As the November box hits doormats around the world I wanted to talk about a book I included as one of the 'runner up' Kickstarter rewards. I went back and forth on this title so many times but in the end I decided that it was just a little too explicit (sex and drug use) for the first box. However this book stayed on my mind for a really long time after I read it and eventually I felt like I just had to share the story with you, so I hope those who've received it enjoy it!
Although I've tried to keep spoilers to a minimum this post may contain some so if you're avoiding them feel free to stop reading now and come back once you've read the book!
The Busker is set in three cities over the course of two years and follows up and coming singer/songwriter Rab Dillon as he's poised to become the next big thing in music. When the book opens Rab is living on the streets of Brighton, and the book jumps back and forth between his present and his past.
A lot of the subject matter is very gloomy but I really loved the way the story was told. For me it was really a story about how easy it is to make mistakes, especially when you're young, and how difficult an industry to work in music can be. I also took from it a lot about the importance of motivating yourself to make the best of your situation, and although Rab isn't an instantly lovable character I found myself really warming to him throughout the story.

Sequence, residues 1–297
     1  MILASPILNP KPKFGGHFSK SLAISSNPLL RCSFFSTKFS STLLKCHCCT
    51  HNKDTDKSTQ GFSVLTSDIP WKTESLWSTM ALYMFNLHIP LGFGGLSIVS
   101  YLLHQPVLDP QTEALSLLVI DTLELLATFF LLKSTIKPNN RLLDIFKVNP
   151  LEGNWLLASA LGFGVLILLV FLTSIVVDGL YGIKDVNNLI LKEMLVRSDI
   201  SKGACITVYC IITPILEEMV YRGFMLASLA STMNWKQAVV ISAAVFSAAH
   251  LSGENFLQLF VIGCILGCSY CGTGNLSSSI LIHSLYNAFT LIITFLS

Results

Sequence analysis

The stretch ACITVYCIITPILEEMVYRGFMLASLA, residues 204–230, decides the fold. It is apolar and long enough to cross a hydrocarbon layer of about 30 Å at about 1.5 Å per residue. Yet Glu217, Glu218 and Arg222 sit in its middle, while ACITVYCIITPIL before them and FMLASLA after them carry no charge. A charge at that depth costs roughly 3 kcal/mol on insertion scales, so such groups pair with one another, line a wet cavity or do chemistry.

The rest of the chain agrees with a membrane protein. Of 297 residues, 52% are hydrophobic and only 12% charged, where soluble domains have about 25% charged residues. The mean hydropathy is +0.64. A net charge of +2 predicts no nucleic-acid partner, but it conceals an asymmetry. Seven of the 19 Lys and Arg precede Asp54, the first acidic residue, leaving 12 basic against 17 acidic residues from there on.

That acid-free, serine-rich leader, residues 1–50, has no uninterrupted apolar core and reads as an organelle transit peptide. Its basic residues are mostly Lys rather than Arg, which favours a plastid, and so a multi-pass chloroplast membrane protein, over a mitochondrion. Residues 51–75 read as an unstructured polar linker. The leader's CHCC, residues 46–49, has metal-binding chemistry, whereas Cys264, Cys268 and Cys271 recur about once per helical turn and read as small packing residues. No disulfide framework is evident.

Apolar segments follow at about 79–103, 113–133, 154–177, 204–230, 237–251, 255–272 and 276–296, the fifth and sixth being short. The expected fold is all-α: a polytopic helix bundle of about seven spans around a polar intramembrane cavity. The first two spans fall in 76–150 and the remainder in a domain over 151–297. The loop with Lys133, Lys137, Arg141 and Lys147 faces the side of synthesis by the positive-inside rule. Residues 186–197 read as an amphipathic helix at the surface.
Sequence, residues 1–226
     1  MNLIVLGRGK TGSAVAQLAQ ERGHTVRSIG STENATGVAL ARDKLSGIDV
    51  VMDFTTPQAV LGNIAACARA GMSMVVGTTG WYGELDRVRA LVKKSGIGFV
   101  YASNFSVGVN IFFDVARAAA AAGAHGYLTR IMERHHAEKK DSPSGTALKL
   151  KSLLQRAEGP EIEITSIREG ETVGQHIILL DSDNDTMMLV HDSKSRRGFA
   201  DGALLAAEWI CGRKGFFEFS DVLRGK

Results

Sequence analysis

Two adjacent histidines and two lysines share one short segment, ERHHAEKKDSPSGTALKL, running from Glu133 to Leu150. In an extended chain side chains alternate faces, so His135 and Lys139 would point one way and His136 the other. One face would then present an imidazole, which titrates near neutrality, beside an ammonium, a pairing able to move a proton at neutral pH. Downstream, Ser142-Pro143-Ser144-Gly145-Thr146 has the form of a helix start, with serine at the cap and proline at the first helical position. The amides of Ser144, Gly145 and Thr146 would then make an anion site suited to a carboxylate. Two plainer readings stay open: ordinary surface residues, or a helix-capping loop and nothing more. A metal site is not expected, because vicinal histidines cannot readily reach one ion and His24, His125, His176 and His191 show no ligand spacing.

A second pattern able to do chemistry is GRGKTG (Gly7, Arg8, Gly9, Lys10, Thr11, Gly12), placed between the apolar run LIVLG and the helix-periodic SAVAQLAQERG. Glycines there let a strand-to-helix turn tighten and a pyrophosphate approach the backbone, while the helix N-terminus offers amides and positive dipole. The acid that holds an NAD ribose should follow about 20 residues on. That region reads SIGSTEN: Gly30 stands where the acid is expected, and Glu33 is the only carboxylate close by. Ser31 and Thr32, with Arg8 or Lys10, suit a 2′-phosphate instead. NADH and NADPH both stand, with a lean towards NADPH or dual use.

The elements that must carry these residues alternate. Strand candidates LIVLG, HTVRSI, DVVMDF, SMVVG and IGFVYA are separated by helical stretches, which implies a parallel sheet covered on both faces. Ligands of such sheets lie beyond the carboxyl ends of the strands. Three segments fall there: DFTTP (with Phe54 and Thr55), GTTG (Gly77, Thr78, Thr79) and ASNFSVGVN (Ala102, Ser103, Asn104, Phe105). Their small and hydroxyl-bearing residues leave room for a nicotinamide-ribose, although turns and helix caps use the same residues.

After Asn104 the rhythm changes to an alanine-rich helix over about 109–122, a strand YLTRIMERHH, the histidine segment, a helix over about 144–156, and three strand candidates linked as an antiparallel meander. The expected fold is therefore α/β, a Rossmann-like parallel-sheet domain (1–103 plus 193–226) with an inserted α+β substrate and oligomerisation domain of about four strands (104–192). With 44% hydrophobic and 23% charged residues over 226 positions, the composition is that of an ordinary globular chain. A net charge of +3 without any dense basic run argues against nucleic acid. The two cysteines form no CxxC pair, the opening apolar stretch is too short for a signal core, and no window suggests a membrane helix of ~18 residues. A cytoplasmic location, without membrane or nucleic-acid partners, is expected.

Throughout the novel he laments the collapse of his first real relationship and we get to find out what really happened with the enigmatic Maddie (not always the same as what he thinks happened!). It's easy to forget how young Rab really is because from where the narration of the story begins he has been through a lot, and the experience of all that - particularly of sleeping rough - has given him more maturity than you'd expect from someone of his age. Because the novel pretty much hangs around him (there are other characters but they often seem to be there just so Rab can tell us what they did or how he reacted to them in a certain situation) his character development is key and it's very well done.
In the earlier parts of the novel, when Rab is in Glasgow being managed by his friend Ewan he's ridiculously self-centred and idealistic but The Busker really is the definition of a coming of age story, if not in quite the sense the phrase is usually meant. As the story progresses he (and the reader) realises a lot about how things really happened as opposed to what he thought was going on at the time, and he develops a lot more self awareness by the time the story ends.
I found it very refreshing to read about a character that I had to take time to understand rather than just one the author was trying to make me like, and I'm really interested to read Liam Murray Bell's first book, So It Is.
I'd love to hear your thoughts about the book - feel free to share them in the comments or get in touch on social media.